• Performance Management in Strength and Conditioning Coaching Nick Ward National Lead Strength and Conditioning Coach, Talented Athlete Scholarship Scheme

I think the basic premise of this talk was write shit down and keep records of your results. This was good for me as i can be pretty lazy with that side of Strength Coaching. This one was more applicable to those looking to work within established teams and have proof of their abilities, as opposed to me who already has a gym and body of athletes who have to do what i say or i kick off.

  • FUNCTIONAL REAL-WORLD STRENGTH & CONDITIONING-Robert dos Remedios

This was the first Keynote presentation and was turbo good. This was chopped into 2 parts the first being stuff people do wrong in the gym while the second part focussed on Coach Dos training philosophy and methods.

Heres some of the mistakes we talked about in the first part:

  1. Steady State Cardio for Fat loss- not as effective as you know not eating cake.
  2. Not enough resistance training- strength training is the shit
  3. Not enough patience with progress- program jumping
  4. Ridiculous diet practices- like i am curently doing,
  5. Too much time in the gym- his athletes get about 15-16 sets max
  6. Too much socializing in gym- I pod in and go.
  7. Scared of athletic movements- olympic lifts, medball stuff, plyos
  8. Not Enough Variation- same old routine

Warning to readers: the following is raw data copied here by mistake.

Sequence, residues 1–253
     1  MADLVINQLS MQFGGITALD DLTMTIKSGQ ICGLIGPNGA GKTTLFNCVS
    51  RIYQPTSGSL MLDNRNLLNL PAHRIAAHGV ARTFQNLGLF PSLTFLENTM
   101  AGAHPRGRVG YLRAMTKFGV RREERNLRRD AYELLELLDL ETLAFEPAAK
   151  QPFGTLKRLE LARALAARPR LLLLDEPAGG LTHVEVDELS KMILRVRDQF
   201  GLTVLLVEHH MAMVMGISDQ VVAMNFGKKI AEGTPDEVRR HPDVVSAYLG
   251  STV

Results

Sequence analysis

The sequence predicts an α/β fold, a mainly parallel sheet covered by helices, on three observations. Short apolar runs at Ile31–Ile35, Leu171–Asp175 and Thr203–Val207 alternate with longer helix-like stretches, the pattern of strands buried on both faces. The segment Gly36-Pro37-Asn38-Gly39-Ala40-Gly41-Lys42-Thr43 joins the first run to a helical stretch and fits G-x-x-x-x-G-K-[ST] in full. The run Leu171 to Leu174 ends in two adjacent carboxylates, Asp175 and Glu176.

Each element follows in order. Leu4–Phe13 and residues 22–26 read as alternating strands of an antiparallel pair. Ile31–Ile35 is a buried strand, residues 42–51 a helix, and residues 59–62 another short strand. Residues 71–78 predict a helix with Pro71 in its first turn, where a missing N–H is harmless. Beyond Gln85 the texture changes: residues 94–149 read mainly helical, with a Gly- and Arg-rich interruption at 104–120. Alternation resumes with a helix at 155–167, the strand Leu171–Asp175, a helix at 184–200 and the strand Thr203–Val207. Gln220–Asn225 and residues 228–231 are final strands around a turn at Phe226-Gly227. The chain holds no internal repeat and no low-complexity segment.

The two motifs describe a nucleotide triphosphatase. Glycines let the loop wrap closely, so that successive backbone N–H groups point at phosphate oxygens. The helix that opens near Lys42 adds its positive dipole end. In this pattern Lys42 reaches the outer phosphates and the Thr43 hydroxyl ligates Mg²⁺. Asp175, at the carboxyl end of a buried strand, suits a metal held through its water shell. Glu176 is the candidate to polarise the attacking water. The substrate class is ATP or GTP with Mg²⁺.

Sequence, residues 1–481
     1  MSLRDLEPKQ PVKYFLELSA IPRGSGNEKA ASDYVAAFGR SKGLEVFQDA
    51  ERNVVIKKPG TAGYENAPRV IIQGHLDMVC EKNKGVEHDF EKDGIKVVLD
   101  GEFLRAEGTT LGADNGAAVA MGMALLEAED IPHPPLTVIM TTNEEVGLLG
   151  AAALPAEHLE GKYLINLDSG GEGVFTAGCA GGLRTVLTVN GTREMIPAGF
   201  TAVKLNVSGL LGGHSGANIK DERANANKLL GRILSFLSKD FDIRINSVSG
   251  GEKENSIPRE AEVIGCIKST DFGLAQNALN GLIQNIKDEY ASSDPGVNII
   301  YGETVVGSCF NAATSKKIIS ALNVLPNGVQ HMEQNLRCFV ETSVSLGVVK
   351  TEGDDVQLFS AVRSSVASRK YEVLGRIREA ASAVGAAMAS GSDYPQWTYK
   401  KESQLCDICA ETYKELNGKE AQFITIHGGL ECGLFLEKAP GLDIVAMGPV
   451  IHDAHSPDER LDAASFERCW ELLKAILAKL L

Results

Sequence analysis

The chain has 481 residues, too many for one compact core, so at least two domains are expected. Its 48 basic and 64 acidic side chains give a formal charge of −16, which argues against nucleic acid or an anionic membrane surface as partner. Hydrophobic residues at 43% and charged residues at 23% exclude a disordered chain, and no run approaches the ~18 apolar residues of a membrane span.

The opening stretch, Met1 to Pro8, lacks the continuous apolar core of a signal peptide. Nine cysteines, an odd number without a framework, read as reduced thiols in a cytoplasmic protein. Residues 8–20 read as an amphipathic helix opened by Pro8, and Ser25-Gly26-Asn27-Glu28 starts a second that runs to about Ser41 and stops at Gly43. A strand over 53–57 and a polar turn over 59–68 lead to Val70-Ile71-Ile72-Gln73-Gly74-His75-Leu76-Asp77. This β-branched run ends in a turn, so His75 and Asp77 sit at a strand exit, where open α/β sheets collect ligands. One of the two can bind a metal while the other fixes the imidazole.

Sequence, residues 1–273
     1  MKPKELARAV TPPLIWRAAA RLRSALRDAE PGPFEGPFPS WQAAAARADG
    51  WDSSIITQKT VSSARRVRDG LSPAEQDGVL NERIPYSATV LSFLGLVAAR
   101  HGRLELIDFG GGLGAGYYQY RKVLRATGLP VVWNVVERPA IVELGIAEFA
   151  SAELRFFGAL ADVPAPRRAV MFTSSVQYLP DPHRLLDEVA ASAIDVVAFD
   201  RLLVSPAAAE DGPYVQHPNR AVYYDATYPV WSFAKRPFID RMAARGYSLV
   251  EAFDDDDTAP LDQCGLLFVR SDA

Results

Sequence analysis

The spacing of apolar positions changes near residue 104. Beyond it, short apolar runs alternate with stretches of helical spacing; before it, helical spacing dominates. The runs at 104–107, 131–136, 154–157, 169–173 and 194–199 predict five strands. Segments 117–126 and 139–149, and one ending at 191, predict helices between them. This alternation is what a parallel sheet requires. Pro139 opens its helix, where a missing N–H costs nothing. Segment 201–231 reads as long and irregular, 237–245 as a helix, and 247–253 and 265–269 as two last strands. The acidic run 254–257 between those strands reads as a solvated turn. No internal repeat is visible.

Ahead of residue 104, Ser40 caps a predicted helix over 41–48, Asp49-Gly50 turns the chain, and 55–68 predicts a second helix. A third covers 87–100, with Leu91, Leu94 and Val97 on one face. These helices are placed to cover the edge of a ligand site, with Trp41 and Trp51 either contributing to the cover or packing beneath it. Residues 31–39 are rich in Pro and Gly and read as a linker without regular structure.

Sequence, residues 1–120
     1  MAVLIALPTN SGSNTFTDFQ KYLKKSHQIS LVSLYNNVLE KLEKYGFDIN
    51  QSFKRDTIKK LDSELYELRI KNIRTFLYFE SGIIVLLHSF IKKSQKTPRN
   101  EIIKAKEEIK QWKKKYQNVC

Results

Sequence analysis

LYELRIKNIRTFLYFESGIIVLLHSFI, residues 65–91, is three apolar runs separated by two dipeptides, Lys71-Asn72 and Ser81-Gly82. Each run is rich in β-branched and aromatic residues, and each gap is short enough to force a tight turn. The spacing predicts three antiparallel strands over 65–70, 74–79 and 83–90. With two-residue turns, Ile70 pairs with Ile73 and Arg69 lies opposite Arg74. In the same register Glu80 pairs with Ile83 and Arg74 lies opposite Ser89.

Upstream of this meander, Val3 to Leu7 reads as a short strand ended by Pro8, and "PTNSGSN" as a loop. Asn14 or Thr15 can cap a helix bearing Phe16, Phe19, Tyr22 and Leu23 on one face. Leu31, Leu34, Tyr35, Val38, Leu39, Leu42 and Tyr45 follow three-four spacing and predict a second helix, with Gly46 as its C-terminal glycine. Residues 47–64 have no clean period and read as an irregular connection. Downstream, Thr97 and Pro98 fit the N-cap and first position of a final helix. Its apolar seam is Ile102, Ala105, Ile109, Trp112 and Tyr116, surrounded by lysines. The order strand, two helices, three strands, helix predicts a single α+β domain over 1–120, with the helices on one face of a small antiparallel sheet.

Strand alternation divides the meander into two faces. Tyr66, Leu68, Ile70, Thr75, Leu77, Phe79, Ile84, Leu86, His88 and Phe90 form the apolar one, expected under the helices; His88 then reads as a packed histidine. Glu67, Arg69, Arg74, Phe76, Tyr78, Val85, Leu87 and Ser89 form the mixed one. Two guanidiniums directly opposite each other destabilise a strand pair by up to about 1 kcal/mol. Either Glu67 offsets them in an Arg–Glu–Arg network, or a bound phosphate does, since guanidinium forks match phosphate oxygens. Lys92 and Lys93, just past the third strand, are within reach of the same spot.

9. Too much focus on Isolation Exercises
  10. Ignoring the overload principle- progressive overload is key.

The next section covered a lot of the stuff covered in the power training book. I liked the idea that athletes look totally awesome as a byproduct of their performance enhancement training as opposed to training for asethetics.

We went through the way he ratonalises his philosophy and program design. His ideas on alternating linear periodisation was interesting and made a lot of sense. This was 3 hours of awesomeness.

ill do the next part tomorrow but first

Just kidding but now that youve had your morning cup of vomit in your mouth heres olympian amanda beard

1. We are lucky enough to have jiu jitsu black belt John Kavanagh over this weekend at the Griphouse. John has been coaching me from the very start of my career and has also been a great mentor for the whole running a martial arts gym business. He will be coaching for 8 hours over the weekend and covering a lot of great no gi guard variations. Theres still a few places if your interested thegriphouse@gmail.com.

2. Ive been giving some serious thoughts to giving myself an off season of sorts. An off season is present in most sports, its a period of time when you dont train for the sport but focus on making yourself a better athlete.